Pakistan has a very complex system of tax collection under the constitution of ‘Income Tax Ordinance of 2001’ with around 70 unique taxes administered. Pakistan’s tax collection comes under the administration of Federal Board of Revenue (FBR) that is responsible for administrating regulations of taxation, expanding tax net, and determining tax rates for each sector and category. The institute of FBR comes under the Federal Government of Pakistan but determination of tax rates is left to provincial authorities of each province under the 18th Amendment.
Recently, in an effort to improve the taxation process, Federal government under the chairmanship of Dr. Hafeez Sheikh approved establishment of a central tax body for Pakistan named as ‘National Tax Council‘ that will devise uniform tax policies for the country to avoid overlapping of provincial and federal policies.
Different Categories of Tax in Pakistan
There are several types of taxes in Pakistan with varying tax rates. some of the main types of taxes include Sales Tax (17%), Federal Excise Tax on Imports (13%-17%), Company Tax (29%), Capital Gain Tax on sale of fixed assets (25%) and Individual Tax that varies from person to person based on income. These rates also vary from province to province to a small extent. For instance, the sales tax in Punjab is 17% while in Sindh it is 13% and in KPK and Balochistan it is 15%.
Pakistan’s Historical Tax Collection
The chart below shows the tax collection in Pakistan from 1960 to 2019.
with Tax Collection in Pakistan
The tax collection in
Pakistan has always been very low compared to global standards of tax
collection as less than 0.6% of Pakistanis pay taxes. Moreover, the taxation department
of Pakistan has been criticized for corruption and bribery when it comes to tax
assessments which makes list of tax evaders longer. Another issue is the
unregistered businesses in Pakistan which makes it difficult for FBR to bring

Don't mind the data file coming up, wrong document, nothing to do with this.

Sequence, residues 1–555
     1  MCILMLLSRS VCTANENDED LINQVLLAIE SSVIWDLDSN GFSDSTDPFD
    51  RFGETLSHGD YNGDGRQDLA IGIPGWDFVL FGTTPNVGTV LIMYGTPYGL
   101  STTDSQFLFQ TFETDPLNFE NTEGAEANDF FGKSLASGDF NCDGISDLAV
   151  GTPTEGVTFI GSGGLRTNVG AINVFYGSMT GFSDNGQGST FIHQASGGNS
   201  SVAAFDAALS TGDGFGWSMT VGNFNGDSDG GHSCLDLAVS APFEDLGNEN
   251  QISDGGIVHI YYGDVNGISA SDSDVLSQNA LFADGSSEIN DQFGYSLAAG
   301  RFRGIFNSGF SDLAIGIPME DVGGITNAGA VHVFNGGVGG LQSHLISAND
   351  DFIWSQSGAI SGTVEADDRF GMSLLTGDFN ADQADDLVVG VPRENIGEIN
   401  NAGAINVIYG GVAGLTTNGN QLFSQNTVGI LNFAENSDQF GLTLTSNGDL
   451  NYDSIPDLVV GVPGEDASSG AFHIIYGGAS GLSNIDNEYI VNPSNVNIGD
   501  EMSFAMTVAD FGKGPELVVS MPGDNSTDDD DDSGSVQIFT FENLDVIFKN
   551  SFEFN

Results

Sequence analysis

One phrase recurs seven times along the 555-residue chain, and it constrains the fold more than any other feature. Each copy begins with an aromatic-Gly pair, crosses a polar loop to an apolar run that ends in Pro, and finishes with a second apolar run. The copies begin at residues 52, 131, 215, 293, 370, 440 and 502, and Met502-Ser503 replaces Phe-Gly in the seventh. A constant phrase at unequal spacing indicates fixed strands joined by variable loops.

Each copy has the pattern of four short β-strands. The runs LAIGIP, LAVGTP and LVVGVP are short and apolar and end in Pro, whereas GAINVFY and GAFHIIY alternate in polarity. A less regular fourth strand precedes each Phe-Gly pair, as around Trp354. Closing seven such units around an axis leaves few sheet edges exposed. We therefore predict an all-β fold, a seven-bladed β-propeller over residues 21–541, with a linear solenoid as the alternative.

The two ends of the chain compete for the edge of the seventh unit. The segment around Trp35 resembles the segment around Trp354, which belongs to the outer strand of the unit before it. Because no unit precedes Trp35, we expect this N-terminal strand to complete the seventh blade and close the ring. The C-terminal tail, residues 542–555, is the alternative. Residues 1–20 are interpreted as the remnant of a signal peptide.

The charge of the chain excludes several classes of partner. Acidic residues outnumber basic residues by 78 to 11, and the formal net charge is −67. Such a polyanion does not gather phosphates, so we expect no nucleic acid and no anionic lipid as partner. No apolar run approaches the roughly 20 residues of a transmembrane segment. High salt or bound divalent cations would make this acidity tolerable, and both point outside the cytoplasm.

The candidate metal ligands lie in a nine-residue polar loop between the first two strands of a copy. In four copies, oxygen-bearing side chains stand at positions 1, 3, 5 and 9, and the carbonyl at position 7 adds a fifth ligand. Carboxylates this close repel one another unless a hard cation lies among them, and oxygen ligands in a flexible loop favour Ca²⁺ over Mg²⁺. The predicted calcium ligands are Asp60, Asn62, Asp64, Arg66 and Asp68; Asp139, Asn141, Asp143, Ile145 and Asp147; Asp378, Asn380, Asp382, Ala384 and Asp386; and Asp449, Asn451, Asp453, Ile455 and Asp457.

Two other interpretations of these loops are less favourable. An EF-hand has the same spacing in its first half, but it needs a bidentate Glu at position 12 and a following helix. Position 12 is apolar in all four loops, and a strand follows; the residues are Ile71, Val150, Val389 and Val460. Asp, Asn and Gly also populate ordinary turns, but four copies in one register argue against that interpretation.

them under tax bracket.
Current Tax Collection Scenario
Although the tax collection in Pakistan has increased over the years to around Rs. 3,828,500 million in 2019, the percentage of tax revenue to GDP is extremely low. The FBR’s tax to GDP ratio was around 10% in 2018-19 where it was around 11.6% in 2017-18. Currently, the tax to GDP ratio stands at 12% of GDP compared to its target of 23% according to World Bank. The present government is working hard to expand the tax bracket in country by applying strict rules in several sectors, however, FBR still fails to include sectors like agriculture and small scale businesses in tax bracket. The net collection for 2018-19 saw around 25% growth in income tax, sales tax and excise duty but the current restrictions by federal government on imports caused a huge loss to tax collection in terms of customs duty.
The government has implemented several new regulations regarding tax amnesty, real estate sector and business registrations which initially is making it difficult for them to collect more tax, however, with time an expanded tax net is expected by government officials. The IMF led demand for aggressive tax collection is also expected to push government towards more forceful actions in future. The establishment of National Tax Council is also a great step towards harmonizing the tax collection efforts of each province as well as increasing provincial responsibility that causes a huge debate when National Finance Commission (NFC) award distribution comes each year.